Dessert of the Year: Paris Hilton’s Birthday Cake

Happy Birthday Paris Hilton. You don't look a day over 40.

Happy Birthday Paris Hilton. You don't look a day over 40.

A sincere Happy 56th birthday to Paris Hilton, the Manolosphere’s favorite celebutard. We saw the pictures from your party (and we wondered, for a moment, if when someone told you to “blow” the candles, awkward hijinks ensued) and it looks like a great time was had by all.

Especially the guy who crashed your party and stole your birthday cake.

I woke up this morning with a $2000 birthday cake in my living room.

It’s big.

It’s red.

It says “Paris”.

And its fucking delicious.

24 hours ago I got a call from my well-connected buddy Kevin. “Dude, I’m crashing Paris Hilton’s birthday tonight. Pretty sure I can get you in,” he says. “Pretty sure you can’t,” I say. “Pretty sure I will,” he says.

90 minutes later we’re strolling down a red carpet like we belong there…

This is as delightful a tale of dessert-based Schadenfreude as the interwebs possess! Yes, just like Kim Kardashian’s $1million birthday cake, this relatively low-rent stunner was just going to be used for decoration and then thrown out. Naturally, in an economic climate as dire as ours, this offended our young adventurer, and he took the only course of action which an ethical partycrasher could, liberating the tasty treat in the name of The People.

and then posting the whole thing to Facebook, god love him.

Even in my sub-functional state, I realize this is going to be a delicate mission. There are still at least 100 people in the building, 20% of whom are employed to be looking for idiots like me.

Parading a confection the size of a small firetruck through the main hall is going to turn a head or two…

I take my cue and make a bullet for cake city.

In one fluid motion, I sidestep a confused waiter, seize the prize, and about face to the door.

I pass the security chief again on the way out.

I nod purposefully… he nods in return.

40 seconds later I’m in the front seat of a Nissan Maxima with 70 lbs. of awesome in my lap.

Success.

As the sun rises, I crash hard. In the morning, I’ll awake to an interesting surprise in the den.

It’s red. It’s delicious. And I don’t know WTF I’m going to do with it.

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King of the Road

Suck on this, Skyscrapers!

Suck on this, Skyscrapers! Gyeongbok Palace by Laszlo Ilyes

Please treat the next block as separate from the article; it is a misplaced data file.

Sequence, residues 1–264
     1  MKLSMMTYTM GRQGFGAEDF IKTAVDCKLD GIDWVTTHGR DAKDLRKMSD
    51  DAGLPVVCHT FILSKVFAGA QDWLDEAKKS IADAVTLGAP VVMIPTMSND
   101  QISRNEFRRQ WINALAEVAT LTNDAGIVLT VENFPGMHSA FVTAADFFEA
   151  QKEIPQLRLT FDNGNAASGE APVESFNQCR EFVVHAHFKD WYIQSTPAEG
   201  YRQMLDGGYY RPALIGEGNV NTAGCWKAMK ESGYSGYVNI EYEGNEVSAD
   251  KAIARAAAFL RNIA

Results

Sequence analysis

Prepare to be gobsmacked by this gentleman of the road, a mere street food vendor in the humble Namdaemun Market in Seoul, Korea. In only a couple of minutes he spins a hunk of chilled honey into 16,000 delicious candy threads, then rolls and stuffs them to form individual desserts. While he calls this an ancient Korean delicacy, it’s really nothing more or less than a dressed up version of that staple known as Dragon’s Beard in any Chinatown, or Cotton Candy in any county fair.

I’d tip big for a snack served with a side of this fresh charm.

A Merry MultiCulti Christmas!

From David Mamet to you:

But what do the Chinese do on Passover?

How is this night different from all other nights? WONTONS!

The Gourmet’s Companion

Now that import restrictions are so … restrictive, one must resort to creative ways of getting one’s most precious items across borders.

Is that a Bratwurst in your suitcase or are you just happy to see me?

Is that a Bratwurst in your suitcase or are you just happy to see me?

You can just put the laptop into the checked luggage, but don’t let THIS baby out of your sight. You know what they say: keep your friends close, and your andouille closer.

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Fish caper

Mr. Henry was short on time and on ingredients. Ocean caught off St. Augustine, cleaned and frozen in skim milk right on the boat, mahi-mahi filets had not yet completely thawed. At 11:15 a.m. Mother Henry was ravenous, asking whether her son was ever going to fix that fish.

When lunch is late, Mother Henry is not at her best.

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How do you hurry a mahi-mahi onto the lunch plate? The answer is salt.